The Wonderful World of Shadow Projection

Posted by Craig Borlase on 10 June 2014

Remember Feist? She was one of those artists back in the noughties whose career received a nuclear boost when one of her songs soundtracked an iPod ad. Anyway, in 2008 she went on tour. It looked pretty good…

 

At the heart of the show was the work of Clea Minaker. The back wall showed live what Minaker was doing up on stage, stood behind her shadow projection somewhere between the drums and the keys. As the band played and Feist sang, the shadows helped tell the stories. At times it was, honestly, breathtaking.

 

There’s not a whole lot of footage online - or, at least, not enough that does it justice. But here’s another example of Shadow Projection in action (and, yes, it really does seem that everyone involved in the thing is Canadian)...

 

Having artists create while worshippers sing and play is nothing new - and anyone who has seen the footage of Bethel, Redding will know that it’s still thriving today. But there are limits when you’re creating on a single canvas the size of a suitcase. Shadow Projection has speed and size on its side.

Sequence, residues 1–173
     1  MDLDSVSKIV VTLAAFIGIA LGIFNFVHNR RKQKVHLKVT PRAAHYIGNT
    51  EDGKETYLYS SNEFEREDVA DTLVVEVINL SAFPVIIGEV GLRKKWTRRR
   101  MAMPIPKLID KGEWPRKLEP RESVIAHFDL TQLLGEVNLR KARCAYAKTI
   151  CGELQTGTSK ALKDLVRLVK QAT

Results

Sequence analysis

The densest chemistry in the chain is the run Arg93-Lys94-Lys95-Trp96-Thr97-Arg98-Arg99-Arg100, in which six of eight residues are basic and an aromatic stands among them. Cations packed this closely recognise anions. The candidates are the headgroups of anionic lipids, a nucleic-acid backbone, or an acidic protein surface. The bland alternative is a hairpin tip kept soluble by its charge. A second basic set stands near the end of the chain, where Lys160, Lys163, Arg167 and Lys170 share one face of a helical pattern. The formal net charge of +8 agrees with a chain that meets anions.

For a sort-of how to, have a look at this article

Maybe it’s a good thing that there are no 10-step guides for doing this. Maybe it will encourage just a couple of you to try and build something new from the ground up. Maybe there are no rules when you’re experimenting like this.

Lastly - at some point there’s a good chance that you’re going to have an ‘I Can’t Do This On My Own!’ moment. Here’s a good little article that might help you recruit new volunteers to your team. 

By the way, we should have added this site to our roll-call yesterday: Creative Worship Ideas has lots of good stuff from someone who has a really good broad but balanced view of the role of creativity in worship. 

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